Scientists and consultants are human and thus want to cover their failures, too. On these pages I have praised scientists for admitting when the results of their studies go against what they expected. But I can’t know how many studies were never submitted for publication, or were not accepted, because they went entirely wrong. Business stories in magazines and books are even worse because they are almost always success stories. Even then, they usually make big assumptions that the changes occurred for the reasons the authors propose. In contrast, every study article in a journal lists other possible explanations for a study’s results.
Given all this, I was intrigued when I found an article in Organization Development Journal that claimed to report on a failure. Author Bill Kahnweiler has been an organizational development (OD) professional “for over 35 years in corporate, consulting, and academic settings” and is an associate professor at Georgia State Univ., the article says. In it, he mentions various studies providing evidence of a bias toward reporting success even in the “hard sciences” like physics.
He then delves indirectly into a favorite complaint of mine, that change management success is rarely judged using measurable outcomes. Kahnweiler says “the most obvious and widely employed indicator of O.D. success is that the goals and objectives of a particular project have been met or exceeded.” However, I have found those objectives often fall short of the SMART criteria (specific, measurable, assignable/actionable, realistic, time-bound). Kahnweiler notes that less direct indicators are often used, such as client satisfaction, resource investment in the project by clients, and repeat business. Indirect indications of failure include underfunding of projects by clients, lack of needed time and access to personnel, and obviously, cancellations of projects.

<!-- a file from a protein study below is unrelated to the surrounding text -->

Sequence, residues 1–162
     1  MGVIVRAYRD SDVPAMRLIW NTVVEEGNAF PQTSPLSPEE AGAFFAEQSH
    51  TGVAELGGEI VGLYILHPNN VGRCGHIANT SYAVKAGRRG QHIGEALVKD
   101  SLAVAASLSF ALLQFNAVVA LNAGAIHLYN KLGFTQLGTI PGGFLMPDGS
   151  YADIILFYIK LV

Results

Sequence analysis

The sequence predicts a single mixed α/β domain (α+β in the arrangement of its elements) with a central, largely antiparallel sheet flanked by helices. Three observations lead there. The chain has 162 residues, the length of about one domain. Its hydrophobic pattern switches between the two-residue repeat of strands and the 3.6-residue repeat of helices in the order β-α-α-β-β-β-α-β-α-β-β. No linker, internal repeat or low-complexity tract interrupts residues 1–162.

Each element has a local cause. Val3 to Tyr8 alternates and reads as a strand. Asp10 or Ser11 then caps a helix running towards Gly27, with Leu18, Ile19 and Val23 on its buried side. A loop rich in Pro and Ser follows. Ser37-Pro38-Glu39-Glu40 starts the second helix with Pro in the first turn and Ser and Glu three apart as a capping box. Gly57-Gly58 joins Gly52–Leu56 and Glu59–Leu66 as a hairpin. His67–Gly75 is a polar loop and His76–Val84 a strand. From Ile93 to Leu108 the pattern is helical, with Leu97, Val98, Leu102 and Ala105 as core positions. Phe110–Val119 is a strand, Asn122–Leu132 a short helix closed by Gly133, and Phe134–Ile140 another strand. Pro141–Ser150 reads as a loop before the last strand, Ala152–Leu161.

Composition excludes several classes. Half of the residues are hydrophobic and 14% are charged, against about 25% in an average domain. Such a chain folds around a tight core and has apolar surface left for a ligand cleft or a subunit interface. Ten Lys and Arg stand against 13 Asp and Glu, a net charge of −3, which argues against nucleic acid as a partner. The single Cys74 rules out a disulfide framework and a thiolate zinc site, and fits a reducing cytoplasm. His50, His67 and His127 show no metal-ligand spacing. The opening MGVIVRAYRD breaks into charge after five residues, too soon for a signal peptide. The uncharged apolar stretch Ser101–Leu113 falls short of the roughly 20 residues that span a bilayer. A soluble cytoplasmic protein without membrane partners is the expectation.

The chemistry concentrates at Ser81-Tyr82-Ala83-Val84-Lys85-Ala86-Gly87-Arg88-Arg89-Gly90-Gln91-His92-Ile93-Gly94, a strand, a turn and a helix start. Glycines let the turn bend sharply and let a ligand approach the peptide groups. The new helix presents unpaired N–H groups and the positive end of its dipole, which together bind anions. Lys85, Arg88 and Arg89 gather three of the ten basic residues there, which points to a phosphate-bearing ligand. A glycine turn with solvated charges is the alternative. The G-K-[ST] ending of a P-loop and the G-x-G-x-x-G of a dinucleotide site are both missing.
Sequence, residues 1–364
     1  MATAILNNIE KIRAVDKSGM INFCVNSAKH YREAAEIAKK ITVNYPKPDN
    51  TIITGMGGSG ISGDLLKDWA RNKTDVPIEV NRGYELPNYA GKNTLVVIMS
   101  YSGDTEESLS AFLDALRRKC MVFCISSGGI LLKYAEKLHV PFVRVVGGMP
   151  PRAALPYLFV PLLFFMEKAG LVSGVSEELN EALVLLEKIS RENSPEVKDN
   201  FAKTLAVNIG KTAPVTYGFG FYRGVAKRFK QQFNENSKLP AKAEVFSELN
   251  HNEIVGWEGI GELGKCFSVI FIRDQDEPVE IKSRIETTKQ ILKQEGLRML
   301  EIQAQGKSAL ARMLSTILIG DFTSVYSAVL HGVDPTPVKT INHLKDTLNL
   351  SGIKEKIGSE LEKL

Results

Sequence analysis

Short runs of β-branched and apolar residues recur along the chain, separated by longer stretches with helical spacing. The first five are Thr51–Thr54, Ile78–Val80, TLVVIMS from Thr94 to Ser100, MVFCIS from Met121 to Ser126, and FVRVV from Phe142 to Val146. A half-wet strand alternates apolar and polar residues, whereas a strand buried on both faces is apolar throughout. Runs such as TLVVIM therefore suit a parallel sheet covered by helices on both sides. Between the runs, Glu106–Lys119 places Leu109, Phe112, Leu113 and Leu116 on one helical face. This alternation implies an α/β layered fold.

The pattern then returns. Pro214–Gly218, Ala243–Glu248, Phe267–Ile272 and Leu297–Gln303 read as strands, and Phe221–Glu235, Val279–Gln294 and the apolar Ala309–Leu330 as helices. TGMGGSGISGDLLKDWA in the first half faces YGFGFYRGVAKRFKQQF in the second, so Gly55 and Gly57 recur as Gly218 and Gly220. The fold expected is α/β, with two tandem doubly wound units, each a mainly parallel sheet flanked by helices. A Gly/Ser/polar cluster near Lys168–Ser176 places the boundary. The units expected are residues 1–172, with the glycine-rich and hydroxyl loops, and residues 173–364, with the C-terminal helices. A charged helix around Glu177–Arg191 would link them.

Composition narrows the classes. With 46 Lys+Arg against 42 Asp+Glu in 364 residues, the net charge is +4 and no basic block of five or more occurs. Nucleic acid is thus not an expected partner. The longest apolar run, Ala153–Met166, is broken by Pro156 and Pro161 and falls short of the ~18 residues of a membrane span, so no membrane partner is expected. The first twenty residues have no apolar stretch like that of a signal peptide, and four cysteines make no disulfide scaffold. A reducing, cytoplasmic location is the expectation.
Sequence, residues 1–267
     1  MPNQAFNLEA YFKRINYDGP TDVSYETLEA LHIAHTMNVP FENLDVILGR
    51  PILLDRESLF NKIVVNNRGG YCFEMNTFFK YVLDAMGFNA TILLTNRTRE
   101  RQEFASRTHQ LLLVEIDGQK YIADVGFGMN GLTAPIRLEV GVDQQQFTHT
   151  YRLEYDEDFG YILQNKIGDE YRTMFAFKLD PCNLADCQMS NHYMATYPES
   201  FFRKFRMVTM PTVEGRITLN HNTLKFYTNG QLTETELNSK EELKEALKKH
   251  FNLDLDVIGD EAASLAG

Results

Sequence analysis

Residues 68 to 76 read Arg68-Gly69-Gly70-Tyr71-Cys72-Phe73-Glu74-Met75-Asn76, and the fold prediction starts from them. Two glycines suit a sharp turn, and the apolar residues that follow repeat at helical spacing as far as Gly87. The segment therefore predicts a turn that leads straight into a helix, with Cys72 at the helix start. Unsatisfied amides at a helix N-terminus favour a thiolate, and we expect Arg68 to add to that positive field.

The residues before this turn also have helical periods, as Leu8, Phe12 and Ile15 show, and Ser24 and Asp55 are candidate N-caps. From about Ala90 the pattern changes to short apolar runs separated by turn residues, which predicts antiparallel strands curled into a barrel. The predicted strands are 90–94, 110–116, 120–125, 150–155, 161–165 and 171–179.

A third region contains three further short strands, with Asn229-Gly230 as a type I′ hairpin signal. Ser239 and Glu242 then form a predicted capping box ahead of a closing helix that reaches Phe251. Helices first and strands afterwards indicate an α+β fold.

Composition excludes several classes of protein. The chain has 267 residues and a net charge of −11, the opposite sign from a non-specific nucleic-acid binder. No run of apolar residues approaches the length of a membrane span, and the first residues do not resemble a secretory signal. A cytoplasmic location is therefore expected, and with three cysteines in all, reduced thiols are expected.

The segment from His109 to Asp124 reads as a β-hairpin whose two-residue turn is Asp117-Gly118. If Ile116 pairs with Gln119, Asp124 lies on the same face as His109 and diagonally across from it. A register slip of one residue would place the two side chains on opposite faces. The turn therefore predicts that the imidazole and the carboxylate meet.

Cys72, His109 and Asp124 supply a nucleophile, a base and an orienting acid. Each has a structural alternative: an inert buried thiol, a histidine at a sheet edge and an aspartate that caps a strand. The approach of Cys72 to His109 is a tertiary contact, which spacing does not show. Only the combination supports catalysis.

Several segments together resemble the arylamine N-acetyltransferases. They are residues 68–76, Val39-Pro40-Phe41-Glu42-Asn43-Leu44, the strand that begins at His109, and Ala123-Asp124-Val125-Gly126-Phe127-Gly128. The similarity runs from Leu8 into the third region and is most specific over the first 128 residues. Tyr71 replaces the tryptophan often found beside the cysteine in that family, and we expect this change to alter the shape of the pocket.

He then reports on a project for a major unit of an international Fortune 50 company based in the U.S. The head of human resources engaged Kahnweiler’s consulting firm to “assess the internal equity of its nonexempt pay system,” in part as a catalyst for culture change throughout the unit. For my non-American readers, “nonexempt” refers to a U.S. law that among many other provisions attempts to define managers and nonmanagers for purposes of regulating issues like pay and work hours. Generally, for example, those exempt under the law (professionals and managers) do not have to be paid extra after they have worked 40 hours within a week.
In this business unit, Kahnweiler points out, almost every manager was a white guy and almost every nonexempt employee was female. Increasing the diversity of the management team was a long-term goal of the project, as well as decreasing silos and changing the top-down decision-making that dominated the unit.
Kahnweiler says he and a colleague received plenty of support from the head of the unit in terms of money and participation. Conforming to a number of OD best practices, they formed a committee of five managers at different levels in the company and 10 nonexempt employees from various functions. They began training the group on how to evaluate nonexempt jobs, to level pay among them.